• Considering who I want to connect in with over the next few weeks and months
  • Finding a sense of joy through looking at the road ahead and where I want to be intentional in bringing some fun and lightness
  • Acknowledging that it’s hard to connect online, reminding myself that this will pass

Good boy

I’m just on my way back home from a gorgeous wedding of close friends, Jake and Ash.

It was lovely to have a few hours away from parenthood as my husband and I danced up a storm and didn’t have any parental responsibility for an afternoon.

But despite being away from my little poppet, I was still thinking about him.

More specifically about the phrase ‘good boy’.

I’ve heard Jenson’s nursery workers use that phrase when praising him for something he’s done and I’ve heard others tell him that he’s a ‘good boy’ for similar circumstances.

But it sticks in my throat when I hear someone say ‘good boy’ to him and it’s not something I say to him when he’s shown skill or kindness or compliance.

Because I want to know that he is intrinsically good.

Regardless of his skill, kindness or compliance with my desires.

Don’t get me wrong, this doesn’t mean I’ll give him a free pass to do whatever he likes or that I don’t acknowledge what he’s done well.

If he does something out of line, I’ll say ‘that wasn’t nice’ or ‘be gentle please’.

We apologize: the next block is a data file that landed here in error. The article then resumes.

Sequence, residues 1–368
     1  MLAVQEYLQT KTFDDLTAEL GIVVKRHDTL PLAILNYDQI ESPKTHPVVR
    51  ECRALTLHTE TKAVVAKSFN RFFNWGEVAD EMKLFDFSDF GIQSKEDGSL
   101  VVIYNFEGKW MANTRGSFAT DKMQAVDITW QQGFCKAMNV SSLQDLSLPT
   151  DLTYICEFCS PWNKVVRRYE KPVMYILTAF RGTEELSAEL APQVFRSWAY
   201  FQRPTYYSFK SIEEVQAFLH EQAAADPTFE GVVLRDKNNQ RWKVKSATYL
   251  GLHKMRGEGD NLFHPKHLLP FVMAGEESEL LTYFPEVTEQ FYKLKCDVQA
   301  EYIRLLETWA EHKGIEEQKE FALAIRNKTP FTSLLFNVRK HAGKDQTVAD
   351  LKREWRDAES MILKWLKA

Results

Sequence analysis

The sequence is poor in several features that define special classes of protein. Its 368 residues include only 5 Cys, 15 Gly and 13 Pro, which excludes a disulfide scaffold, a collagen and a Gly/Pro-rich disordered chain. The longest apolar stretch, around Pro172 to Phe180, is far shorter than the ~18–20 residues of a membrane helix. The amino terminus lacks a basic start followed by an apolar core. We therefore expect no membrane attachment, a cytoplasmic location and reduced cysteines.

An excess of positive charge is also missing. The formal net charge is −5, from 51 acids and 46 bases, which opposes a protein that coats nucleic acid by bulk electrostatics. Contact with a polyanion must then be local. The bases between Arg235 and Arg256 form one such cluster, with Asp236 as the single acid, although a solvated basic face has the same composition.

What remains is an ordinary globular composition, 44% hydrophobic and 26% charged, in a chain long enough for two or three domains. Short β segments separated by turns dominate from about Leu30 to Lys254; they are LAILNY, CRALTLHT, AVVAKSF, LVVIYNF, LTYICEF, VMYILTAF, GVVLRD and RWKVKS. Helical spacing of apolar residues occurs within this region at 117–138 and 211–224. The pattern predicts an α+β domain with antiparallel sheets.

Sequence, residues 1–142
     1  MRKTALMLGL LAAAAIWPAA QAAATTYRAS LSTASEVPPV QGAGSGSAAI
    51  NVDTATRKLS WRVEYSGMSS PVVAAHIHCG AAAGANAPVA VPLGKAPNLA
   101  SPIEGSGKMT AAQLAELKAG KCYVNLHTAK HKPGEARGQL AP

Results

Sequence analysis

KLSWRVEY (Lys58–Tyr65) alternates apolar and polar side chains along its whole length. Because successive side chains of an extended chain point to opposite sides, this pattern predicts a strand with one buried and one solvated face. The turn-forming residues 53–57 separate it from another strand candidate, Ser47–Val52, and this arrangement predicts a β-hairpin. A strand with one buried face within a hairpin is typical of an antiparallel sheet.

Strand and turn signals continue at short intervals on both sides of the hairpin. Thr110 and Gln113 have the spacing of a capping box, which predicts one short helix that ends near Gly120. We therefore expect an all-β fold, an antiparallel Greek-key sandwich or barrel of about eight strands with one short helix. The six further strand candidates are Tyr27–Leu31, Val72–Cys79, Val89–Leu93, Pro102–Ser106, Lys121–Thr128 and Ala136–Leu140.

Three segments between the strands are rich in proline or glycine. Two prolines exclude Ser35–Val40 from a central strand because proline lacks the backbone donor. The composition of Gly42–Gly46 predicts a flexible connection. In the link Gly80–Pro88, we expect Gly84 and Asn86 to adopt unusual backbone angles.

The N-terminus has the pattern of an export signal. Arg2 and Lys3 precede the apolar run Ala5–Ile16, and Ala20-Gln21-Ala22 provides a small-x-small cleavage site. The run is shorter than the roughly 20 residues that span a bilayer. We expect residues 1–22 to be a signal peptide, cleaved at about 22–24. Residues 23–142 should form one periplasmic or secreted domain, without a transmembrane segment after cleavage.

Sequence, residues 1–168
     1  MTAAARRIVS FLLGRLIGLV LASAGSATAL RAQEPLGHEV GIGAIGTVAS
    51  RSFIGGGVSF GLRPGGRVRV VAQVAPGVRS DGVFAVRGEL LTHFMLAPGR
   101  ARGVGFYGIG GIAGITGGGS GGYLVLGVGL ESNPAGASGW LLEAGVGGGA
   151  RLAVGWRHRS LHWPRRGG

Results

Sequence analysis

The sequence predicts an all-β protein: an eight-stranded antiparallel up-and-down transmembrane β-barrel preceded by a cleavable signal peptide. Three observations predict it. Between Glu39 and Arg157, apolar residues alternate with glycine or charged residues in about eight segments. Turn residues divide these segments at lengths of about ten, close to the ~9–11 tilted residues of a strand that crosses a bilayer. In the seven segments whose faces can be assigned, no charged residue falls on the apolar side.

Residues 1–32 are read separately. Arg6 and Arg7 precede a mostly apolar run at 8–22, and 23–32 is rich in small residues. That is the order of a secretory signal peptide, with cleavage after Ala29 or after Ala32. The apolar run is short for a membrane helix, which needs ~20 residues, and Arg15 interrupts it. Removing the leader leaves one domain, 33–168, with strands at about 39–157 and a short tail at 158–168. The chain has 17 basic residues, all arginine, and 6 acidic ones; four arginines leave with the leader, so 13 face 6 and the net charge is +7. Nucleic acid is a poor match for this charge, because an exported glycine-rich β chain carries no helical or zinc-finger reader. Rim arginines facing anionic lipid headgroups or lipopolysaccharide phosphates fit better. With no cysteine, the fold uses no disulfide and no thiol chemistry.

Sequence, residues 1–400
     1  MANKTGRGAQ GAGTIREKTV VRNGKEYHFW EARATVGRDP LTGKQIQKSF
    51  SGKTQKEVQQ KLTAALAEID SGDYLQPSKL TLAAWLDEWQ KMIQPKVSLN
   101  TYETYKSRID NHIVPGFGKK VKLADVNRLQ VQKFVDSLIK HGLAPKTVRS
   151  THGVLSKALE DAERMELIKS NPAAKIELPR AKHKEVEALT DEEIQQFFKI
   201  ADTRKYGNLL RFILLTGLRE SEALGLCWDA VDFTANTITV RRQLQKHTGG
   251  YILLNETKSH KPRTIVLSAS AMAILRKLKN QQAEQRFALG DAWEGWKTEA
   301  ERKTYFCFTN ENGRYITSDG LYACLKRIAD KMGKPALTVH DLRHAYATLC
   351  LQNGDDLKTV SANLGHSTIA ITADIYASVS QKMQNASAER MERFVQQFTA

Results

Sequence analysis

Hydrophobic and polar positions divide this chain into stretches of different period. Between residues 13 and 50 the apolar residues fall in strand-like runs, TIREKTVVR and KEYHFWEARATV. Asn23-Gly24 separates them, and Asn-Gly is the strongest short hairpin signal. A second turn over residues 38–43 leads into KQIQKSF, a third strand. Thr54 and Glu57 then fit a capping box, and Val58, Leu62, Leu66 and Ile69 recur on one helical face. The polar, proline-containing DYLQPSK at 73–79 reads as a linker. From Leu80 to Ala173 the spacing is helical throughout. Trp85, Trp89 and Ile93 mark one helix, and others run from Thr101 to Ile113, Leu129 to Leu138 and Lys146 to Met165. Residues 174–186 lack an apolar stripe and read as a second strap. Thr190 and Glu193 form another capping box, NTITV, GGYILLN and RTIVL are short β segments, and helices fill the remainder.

And I say ‘bravo’ (I speak to him in French, this isn’t a reflection of my gentleman’s english!) or ‘bien fait’ – well done when he’s done something well.

I say the behaviour is out of line instead of saying he is out of line for doing something I disapprove of.

And I say the behaviour good instead of telling him he is good for doing something I approve of.

It’s semantics, but I think it’s important nevertheless.

Because I want him to grow up knowing that he is good.

Regardless of what he has done or not done.

Words do not do justice to the strength I feel for these words and the intensity of desire I have for him to know that he is good.

Because I believe this is a foundation – the belief that he is good – which is key for him to stand strong in life.

To feel able to follow his heart instead of hustling for the approval of others.